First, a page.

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Observing Children


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Hi we currently observe the children throughout the course of the week trying to ensure they have one written observation per day they attend. Can I ask how other settings use these observations they collect effectively. If their is something of interest we use it to inform following weeks planning or if there is something they couldn't yet do we may provide support in doing this. Is this enough? what will Ofsted want to see them used for. Just wanted to check I am correct in using these? Thanks

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Thats the way I used to work bluemandie, my focused adult led activity once a day added to the general obs. Activity sheets for the week might have the initials of the children who would benefit most from taking part in something, and who needed help to develop a skill further.

 

I dont do ofsted anymore but I know from September the new EYFS document places lots of emphasis on observations and how these inform planning.

It sounds like you're well on the way. :o

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Hi we currently observe the children throughout the course of the week trying to ensure they have one written observation per day they attend. Can I ask how other settings use these observations they collect effectively. If their is something of interest we use it to inform following weeks planning or if there is something they couldn't yet do we may provide support in doing this. Is this enough? what will Ofsted want to see them used for. Just wanted to check I am correct in using these? Thanks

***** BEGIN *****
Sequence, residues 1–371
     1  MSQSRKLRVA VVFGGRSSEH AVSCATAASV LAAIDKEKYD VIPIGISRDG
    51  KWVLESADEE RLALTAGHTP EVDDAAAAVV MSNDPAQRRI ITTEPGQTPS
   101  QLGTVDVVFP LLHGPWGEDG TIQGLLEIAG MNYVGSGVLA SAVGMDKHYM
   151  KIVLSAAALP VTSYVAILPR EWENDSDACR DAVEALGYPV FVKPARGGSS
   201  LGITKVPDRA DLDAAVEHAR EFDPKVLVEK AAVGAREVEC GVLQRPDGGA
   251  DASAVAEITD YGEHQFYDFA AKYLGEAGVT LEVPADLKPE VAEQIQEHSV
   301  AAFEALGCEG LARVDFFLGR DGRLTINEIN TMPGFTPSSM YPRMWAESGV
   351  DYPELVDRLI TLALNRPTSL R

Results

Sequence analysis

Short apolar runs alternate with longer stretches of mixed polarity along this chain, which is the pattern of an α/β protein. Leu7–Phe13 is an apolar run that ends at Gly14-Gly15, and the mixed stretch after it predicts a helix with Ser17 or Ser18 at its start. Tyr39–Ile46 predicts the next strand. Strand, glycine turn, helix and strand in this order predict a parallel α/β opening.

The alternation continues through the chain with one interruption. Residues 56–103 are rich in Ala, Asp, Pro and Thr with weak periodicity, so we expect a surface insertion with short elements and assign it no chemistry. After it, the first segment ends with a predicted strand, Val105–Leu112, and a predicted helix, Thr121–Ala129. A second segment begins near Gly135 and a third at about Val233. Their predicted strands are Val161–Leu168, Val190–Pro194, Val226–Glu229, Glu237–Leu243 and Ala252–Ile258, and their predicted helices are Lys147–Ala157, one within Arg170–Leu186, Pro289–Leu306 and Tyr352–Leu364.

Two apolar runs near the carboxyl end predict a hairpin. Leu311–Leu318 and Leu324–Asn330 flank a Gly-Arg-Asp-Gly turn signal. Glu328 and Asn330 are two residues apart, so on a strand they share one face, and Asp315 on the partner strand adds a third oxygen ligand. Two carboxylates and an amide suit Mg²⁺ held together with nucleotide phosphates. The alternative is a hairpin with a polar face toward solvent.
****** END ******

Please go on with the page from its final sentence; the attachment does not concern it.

Sounds good to me, bluemandie: your planning follows the interests/needs of the children which is very good practice. One written observation each day they attend is a high aspiration - I take it these could range from a quick note on a post-it to a longer narrative? You must be gathering lots of evidence of your children's learning!

 

We also have staff meetings where we discuss individual children's progress and any support they might need. Since there is usually a little group of children who have similar needs (such as scissor control, for example) we can then plan a range of activities to help children develop or practice skills.

 

The information from this meeting goes into our planning so we can identify what type of support children might need when they take part in adult-led activities, so they can gain the maximum benefit.

 

Maz

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